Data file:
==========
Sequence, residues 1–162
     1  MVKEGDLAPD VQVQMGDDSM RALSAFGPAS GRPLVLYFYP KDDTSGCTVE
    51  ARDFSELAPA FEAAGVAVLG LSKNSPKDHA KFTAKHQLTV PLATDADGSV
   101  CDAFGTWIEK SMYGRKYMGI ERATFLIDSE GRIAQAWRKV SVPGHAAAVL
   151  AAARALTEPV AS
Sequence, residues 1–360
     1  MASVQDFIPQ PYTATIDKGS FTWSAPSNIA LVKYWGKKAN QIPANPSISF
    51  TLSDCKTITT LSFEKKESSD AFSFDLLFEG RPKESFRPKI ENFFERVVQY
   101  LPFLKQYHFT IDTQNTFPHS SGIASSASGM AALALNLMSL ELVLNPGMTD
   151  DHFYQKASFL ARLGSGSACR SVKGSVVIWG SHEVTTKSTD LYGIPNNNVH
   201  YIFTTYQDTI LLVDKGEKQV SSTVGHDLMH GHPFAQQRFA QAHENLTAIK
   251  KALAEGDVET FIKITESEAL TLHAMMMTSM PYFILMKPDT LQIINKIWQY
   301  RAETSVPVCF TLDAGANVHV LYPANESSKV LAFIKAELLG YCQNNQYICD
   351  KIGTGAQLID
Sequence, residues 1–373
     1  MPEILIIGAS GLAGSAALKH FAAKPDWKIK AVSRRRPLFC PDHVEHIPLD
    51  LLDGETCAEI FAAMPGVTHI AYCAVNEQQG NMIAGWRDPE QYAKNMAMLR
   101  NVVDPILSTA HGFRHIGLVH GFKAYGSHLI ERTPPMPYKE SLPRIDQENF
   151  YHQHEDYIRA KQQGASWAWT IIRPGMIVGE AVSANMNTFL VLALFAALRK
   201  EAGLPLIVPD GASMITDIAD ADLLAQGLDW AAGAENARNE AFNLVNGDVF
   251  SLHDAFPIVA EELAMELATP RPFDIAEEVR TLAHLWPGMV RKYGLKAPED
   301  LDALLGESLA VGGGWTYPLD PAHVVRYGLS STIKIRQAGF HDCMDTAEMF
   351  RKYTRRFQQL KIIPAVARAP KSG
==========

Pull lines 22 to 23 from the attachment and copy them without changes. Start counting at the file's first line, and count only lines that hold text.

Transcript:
   301  LDALLGESLA VGGGWTYPLD PAHVVRYGLS STIKIRQAGF HDCMDTAEMF
   351  RKYTRRFQQL KIIPAVARAP KSG